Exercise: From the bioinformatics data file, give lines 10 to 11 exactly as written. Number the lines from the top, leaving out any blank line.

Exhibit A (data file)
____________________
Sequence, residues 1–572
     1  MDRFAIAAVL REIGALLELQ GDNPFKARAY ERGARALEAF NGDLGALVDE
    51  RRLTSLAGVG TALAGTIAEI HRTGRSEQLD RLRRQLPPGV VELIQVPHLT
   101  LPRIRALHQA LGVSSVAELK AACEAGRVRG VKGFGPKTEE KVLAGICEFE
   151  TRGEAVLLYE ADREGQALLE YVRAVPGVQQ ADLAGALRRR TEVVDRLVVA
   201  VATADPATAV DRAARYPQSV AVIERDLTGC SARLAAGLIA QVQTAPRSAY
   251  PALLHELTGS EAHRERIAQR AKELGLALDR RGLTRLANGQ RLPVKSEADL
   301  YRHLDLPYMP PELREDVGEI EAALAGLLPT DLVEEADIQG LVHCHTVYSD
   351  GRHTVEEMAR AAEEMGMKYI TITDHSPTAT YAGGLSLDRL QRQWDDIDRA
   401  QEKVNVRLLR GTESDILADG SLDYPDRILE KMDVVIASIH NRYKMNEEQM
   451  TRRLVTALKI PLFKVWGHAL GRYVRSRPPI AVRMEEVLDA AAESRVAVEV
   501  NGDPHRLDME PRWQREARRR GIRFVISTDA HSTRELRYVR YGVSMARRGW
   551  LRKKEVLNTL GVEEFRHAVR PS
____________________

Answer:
   401  QEKVNVRLLR GTESDILADG SLDYPDRILE KMDVVIASIH NRYKMNEEQM
   451  TRRLVTALKI PLFKVWGHAL GRYVRSRPPI AVRMEEVLDA AAESRVAVEV